Sealing windows into frames

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Silkie
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Sealing windows into frames

Postby Silkie » Wed Apr 06, 2016 8:27 pm

The windows themselves are 5mm Triplex glass and fit into rubber square U-section seals which in turn fit into a square U-section channels in the aluminium frames. The Seals+Direct technical advice page says that either polyurethane or high modulus silicone gloop is suitable for sealing glass to rubber and rubber to aluminium.

So which would be best given that I never want to have to do this job again?

(If it makes a difference I will also have to nick "vees" out of the seal walls to get around the tight radius corners of the frames. I put my chances of improving the drip rate no better than 50:50 :roll: )
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marisca
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Re: Sealing windows into frames

Postby marisca » Wed Apr 06, 2016 9:15 pm

I did this last year with a couple of my windows. I didn't need to cut the rubber for the bends, it's quite stretchy but had a bit of a job getting the glass and u-section into the channel - washing up liquid helped and I hope copious water washing afterwards get rid of it. Getting the length right for pushing the 2 halves of channel together was fiddly and took several goes - do put the join at the top of the window. For the sealant, I had been advised to trim the rubber down below the level of the frame and then apply and smooth. I used polyurethane gloop from Seals+Direct and bedded the frames on Butyl rubber tape.
It is one of these jobs that is so much easier after you've done one or two windows.
Captain Tolley's creeping crack cure is so much easier!

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Telo
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Re: Sealing windows into frames

Postby Telo » Wed Apr 06, 2016 10:35 pm

We replaced Shard's crazed and leaky windows about twelve or more years ago and just used bog standard silicone to seal them. Never had any leaks after that.

However, I was too liberal with the silicone and had a layer about 3 or 4mm along the edges of the outsides (bit like putty on the outside of sash windows). That discoloured over time and was slightly unsightly.

I found it a really awkward job and not one that I'll want to do again. Good luck with it.

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cpedw
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Re: Sealing windows into frames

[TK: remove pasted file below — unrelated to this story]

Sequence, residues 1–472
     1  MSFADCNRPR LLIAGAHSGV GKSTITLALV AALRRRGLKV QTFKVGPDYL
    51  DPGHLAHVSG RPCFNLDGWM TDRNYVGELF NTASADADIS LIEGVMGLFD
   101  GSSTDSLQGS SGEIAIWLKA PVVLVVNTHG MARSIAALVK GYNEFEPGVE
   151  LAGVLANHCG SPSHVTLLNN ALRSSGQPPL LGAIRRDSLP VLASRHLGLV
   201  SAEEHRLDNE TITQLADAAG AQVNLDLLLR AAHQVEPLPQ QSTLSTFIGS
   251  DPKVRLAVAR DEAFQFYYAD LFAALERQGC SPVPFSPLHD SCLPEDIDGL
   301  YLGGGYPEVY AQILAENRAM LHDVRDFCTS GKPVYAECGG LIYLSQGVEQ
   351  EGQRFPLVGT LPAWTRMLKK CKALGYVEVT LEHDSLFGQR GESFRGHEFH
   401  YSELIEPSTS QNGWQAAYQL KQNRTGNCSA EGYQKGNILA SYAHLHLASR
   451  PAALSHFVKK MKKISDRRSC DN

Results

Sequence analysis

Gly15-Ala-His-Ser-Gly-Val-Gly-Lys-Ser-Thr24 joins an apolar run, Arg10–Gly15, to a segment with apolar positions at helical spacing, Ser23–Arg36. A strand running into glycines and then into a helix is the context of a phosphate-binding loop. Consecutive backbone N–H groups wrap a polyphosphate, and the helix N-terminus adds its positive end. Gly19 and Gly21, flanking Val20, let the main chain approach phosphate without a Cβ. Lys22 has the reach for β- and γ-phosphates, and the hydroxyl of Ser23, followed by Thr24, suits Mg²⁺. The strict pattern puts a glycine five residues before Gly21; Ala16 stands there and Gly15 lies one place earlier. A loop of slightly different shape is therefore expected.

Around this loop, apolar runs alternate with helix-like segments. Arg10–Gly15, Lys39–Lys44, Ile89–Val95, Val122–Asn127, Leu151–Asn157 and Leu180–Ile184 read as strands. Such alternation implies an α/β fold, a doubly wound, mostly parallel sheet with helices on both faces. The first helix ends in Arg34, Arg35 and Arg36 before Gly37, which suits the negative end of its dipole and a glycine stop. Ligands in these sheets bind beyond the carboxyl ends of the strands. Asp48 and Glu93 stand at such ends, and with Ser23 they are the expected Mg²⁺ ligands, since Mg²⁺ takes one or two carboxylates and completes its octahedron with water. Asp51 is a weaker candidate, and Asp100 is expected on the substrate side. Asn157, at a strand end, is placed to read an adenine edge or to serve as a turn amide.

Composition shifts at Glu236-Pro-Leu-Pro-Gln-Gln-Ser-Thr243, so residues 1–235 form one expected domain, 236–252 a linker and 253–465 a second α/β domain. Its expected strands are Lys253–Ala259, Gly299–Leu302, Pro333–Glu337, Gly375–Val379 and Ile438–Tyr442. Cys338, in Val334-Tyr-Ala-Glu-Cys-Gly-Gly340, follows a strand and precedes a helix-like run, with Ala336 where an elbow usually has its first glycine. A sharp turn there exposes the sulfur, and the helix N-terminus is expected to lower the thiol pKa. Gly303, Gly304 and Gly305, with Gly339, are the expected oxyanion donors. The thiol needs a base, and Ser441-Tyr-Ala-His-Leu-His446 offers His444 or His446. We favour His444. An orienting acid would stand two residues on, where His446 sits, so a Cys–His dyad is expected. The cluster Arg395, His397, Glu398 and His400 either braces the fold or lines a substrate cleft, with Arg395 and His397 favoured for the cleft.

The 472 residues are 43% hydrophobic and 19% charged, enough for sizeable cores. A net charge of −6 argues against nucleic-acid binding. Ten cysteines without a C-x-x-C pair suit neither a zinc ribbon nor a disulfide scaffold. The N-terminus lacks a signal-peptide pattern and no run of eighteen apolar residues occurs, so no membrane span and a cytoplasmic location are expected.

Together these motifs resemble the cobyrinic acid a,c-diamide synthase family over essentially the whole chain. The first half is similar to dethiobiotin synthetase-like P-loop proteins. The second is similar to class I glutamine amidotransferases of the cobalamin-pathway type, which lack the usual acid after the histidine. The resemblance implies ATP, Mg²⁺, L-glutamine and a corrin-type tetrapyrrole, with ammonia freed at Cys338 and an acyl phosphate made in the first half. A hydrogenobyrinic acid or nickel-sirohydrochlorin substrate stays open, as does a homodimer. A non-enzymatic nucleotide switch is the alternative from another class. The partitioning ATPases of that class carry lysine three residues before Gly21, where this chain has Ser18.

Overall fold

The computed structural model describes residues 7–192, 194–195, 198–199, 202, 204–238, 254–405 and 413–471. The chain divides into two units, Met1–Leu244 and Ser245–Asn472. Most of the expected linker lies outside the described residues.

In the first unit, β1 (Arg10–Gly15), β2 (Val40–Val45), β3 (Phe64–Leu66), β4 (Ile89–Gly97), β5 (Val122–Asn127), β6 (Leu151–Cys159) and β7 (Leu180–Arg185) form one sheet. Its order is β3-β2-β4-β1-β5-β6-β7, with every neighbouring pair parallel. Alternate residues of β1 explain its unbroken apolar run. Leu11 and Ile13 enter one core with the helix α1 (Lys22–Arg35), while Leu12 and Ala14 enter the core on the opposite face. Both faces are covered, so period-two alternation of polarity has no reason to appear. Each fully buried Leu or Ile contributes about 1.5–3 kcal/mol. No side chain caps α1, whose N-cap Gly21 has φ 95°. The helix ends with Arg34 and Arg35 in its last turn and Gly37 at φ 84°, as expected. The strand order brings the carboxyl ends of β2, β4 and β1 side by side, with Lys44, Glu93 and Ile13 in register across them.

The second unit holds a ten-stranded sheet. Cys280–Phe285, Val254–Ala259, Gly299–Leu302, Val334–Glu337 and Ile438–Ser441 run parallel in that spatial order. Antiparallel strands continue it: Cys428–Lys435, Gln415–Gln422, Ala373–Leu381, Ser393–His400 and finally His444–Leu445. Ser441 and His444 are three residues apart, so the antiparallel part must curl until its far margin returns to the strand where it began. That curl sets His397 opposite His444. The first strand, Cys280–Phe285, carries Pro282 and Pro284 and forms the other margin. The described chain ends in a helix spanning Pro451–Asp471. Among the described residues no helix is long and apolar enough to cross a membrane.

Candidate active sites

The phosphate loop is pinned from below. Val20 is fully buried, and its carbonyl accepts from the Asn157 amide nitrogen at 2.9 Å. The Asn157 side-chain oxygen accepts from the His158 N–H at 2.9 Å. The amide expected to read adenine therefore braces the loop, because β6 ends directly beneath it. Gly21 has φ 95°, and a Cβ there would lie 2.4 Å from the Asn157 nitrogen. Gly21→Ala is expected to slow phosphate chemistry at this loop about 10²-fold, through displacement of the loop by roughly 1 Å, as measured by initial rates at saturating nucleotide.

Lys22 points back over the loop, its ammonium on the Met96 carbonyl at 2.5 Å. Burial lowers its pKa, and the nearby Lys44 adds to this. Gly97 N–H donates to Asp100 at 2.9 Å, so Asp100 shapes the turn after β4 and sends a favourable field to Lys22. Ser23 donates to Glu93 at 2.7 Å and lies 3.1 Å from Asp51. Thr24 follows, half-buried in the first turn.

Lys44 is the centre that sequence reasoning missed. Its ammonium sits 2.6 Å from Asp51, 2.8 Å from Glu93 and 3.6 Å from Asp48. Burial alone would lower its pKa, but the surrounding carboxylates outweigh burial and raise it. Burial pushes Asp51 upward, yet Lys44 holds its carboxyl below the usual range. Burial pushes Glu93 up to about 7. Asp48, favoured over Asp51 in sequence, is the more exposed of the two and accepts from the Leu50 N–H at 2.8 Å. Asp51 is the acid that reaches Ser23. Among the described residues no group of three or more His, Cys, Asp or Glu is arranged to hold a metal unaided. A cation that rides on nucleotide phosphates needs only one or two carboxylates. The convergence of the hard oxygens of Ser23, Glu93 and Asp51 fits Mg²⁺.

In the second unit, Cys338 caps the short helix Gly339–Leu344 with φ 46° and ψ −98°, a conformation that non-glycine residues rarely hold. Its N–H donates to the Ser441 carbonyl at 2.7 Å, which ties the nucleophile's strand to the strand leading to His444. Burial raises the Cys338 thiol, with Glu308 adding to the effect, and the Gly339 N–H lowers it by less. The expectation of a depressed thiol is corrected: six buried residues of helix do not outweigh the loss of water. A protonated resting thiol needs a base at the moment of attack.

Postby cpedw » Thu Apr 07, 2016 4:14 pm

I used butyl tape between glass and Aluminium frame. It would have been better if I had replaced the plastic spacers each side of the glass deep in the U of the frame. That way the glass stays evenly spaced in the frame.

Frame to glassfibre, I was less pleased with the butyl tape. It didn't work on all the windows. I found Arbokol 1000 non setting polysulphide (as recommended for Westerlys) was better.

In some places, I finished off the frame to glass seal with black CT1. It is good but messy unlike the butyl tape and arbokol.

Derek

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Silkie
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Re: Sealing windows into frames

Postby Silkie » Fri May 27, 2016 8:21 pm

Time for an update.

I discovered that the rubber was much more flexible than I had imagined and that stretching it sufficiently meant there were no wrinkles. We cut the rubber to length and super-glued the ends together to make a continuous loop before filling the bottom of the channel with gloop and stretching it over the glass, making quite a mess in the process. :) We then filled the aluminium frame with more gloop and clamped back round the glass. This went much better when we did it up the right way round. :oops:

Having learnt the lessons of the two previous gloopings we offered the frame up to the boat and masked off the boat (hint: a coloured masking tape makes this job much easier) before applying more gloop to the frame and clamping it back into the hole. I eventually used Unibond extreme repair sealant which is apparently guaranteed against everything until the end of time so I shouldn't have to do the job again.
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Shuggy
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Re: Sealing windows into frames

Postby Shuggy » Mon Aug 22, 2016 12:09 am

In case it helps others...

We have Triplex glass ports, some up to three feet long, let into a routered teak cabin trunk. They were all leaking (all 10 of them), and I took them all out this winter. To my horror I discovered that the three feet long ones were curved by up to 0.5 inches by nothing more than their stainless steel frames.

I took them out.

I cleaned up the teak.

I put CT1 on to the teak cabin trunk.

I heated up the glass with the Eberspacher outlet.

I put the glass in and then started fitting the s/s frames at the centre, using brown butyl mastic on the frames as a 'belt and braces' approach before tightening up all the screws.

I did all 10 and two weeks later used a Stanley knife blade to cut off all the excess CT1.

Eight months later we have no leaks and I am very pleased. All is dry down below. But I was convinced that one of the ports would shatter as a bent them. I didn't happen. Phew.
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Shuggy


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